The Vanishing Path to EU Citizenship, doomed future for Malta Golden Passport

Over the years, Europe’s Citizenship by Investment (CBI) and Residency by Investment (RBI) programs have gathered considerable attention. According to official statistics, over 13,000 individuals have successfully obtained citizenship or residency rights through these two programs, with investments totaling a staggering amount of €214 billion.



The CBI and RBI programs have long been under multiple pressures

The highly sought-after “golden programs” have not only catered to global high-net-worth individuals but have also caused numerous issues. Since 2014, the European Parliament has consistently opposed to the CBI and RBI programs, repeatedly calling for their termination. In August 2020, Al Jazeera’s “Cyprus Papers” further fueled the European Parliament’s efforts to shut down both programs. In October 2020, the European Commission formally issued notices to Malta and Cyprus, demanding the termination of the two programs. In November, following the suspension of the Cyprus Citizenship by Investment Program, Malta introduced new policies based on constructive feedback. In October 2021, the European Parliament released a 159-page study report on EU citizenship investment programs, primarily aimed at examining the “legal framework for the EU’s response to investment migration projects,” exerting further pressure.






Proposal by the European Parliament to “Terminate CBI and RBI Programs by 2025”

The pressure from the European Parliament on the CBI and RBI programs has never ceased. One of the most significant developments in recent years occurred on March 9, 2022, when the European Parliament overwhelmingly passed a proposal from Dutch Member of Parliament Sophie Int’ Veld to terminate all Citizenship by Investment (CBI) and Residency by Investment (RBI) programs by 2025.




The proposal primarily focuses on the serious security risks posed by the CBI and RBI programs, such as corruption and bribery fostered by large capital investments. The lack of common standards and unified management has also been cited as causing disruptions to the free movement of people within the Schengen Area, thus undermining the integrity of the European Union. Furthermore, a majority of European Parliament members believe that the identity of “EU citizen” itself carries unique significance, serving as a complement to their national citizenship and as a crucial achievement of EU integration. It grants all EU citizens equal and distinctive rights. However, the CBI programs allow third-country nationals to quickly acquire this unique identity through investment, thereby undermining the nature of EU citizenship. Subsequently, on September 29, 2022, the European Commission decided to refer Malta’s Investor Citizenship Scheme (also known as the “Golden Passport”) to the Court of Justice of the European Union. The European Commission argues that granting Maltese EU citizenship to foreign nationals through an investment of approximately €1 million does not align with the concept of EU citizenship outlined in the Treaty on the Functioning of the European Union.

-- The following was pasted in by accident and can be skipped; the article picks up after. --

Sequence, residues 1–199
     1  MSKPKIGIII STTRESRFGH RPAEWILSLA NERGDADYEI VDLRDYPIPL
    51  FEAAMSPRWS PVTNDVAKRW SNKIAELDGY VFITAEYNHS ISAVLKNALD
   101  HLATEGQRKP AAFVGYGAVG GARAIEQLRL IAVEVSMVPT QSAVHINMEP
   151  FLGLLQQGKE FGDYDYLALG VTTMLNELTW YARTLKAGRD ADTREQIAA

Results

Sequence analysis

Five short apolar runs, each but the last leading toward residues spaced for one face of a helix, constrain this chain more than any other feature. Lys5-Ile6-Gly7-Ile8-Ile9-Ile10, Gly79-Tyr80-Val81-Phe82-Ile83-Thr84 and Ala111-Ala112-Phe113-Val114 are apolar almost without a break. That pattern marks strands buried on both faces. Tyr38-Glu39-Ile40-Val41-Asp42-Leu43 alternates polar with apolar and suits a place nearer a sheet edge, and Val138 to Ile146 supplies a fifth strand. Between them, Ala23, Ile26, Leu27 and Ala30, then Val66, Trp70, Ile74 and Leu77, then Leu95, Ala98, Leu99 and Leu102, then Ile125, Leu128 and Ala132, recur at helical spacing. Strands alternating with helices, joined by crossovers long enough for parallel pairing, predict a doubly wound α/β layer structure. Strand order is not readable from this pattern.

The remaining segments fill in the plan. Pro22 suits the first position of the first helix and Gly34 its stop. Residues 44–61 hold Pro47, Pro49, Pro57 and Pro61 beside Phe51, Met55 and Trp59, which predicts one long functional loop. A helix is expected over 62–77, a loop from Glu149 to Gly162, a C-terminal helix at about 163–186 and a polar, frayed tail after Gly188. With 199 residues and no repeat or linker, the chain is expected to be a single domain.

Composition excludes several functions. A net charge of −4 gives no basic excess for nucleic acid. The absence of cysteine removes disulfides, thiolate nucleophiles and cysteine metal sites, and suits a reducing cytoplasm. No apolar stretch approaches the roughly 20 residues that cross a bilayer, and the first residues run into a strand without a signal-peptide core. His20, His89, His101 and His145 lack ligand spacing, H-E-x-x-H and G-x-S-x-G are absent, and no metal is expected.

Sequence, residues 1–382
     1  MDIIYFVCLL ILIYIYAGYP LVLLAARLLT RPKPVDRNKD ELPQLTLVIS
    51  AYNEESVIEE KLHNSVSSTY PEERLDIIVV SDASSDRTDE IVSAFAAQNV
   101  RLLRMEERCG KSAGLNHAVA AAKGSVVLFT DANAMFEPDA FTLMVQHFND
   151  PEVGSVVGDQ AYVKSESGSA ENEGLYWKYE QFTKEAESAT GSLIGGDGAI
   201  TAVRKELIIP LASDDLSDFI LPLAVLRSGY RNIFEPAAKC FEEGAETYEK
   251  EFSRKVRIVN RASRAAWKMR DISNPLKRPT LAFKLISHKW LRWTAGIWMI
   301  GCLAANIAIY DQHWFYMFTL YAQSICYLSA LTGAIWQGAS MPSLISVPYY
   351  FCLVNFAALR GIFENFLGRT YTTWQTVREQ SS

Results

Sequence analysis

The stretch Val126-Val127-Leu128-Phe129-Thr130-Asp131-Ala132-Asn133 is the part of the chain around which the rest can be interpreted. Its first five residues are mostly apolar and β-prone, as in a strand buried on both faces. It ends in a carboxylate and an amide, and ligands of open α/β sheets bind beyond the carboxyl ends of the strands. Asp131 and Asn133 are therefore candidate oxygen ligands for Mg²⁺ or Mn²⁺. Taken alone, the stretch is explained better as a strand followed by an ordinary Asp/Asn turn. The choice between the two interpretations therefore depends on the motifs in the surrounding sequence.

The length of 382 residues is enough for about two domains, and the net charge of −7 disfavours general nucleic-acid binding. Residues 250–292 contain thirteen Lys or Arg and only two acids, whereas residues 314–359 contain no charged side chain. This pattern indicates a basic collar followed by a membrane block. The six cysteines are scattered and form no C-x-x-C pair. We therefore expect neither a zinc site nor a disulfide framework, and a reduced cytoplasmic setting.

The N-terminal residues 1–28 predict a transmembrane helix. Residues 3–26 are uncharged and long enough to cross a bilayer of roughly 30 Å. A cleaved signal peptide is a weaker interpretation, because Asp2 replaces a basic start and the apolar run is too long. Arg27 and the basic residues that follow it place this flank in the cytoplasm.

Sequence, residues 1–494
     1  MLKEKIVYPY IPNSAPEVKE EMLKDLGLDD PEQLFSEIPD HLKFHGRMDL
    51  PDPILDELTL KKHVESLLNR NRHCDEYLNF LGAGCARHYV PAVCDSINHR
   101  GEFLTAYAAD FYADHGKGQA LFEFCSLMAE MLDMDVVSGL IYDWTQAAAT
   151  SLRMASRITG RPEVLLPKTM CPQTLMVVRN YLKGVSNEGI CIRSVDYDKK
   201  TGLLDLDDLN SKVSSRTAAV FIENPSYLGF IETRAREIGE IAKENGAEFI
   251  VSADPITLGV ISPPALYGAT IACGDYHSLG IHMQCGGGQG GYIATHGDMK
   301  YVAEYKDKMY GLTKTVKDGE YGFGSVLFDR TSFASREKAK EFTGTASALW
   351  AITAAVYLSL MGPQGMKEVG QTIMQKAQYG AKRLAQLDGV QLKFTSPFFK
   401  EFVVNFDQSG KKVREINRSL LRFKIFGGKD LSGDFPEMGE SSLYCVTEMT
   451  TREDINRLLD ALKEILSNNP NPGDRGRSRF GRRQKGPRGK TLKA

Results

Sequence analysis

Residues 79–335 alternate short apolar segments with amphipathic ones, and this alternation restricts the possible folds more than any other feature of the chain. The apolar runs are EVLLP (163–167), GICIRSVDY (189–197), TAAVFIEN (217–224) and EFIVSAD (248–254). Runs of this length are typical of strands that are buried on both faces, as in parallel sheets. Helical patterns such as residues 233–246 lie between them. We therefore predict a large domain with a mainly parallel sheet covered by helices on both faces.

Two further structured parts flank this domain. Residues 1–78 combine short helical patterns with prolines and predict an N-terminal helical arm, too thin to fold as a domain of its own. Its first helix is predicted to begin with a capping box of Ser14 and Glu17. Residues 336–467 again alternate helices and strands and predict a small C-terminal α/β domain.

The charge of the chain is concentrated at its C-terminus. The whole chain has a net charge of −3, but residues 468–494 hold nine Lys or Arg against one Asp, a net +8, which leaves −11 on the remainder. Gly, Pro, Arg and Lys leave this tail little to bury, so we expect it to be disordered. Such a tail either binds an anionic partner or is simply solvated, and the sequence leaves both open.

The Maltese Government‘s Determination to Defend Citizenship by Investment Program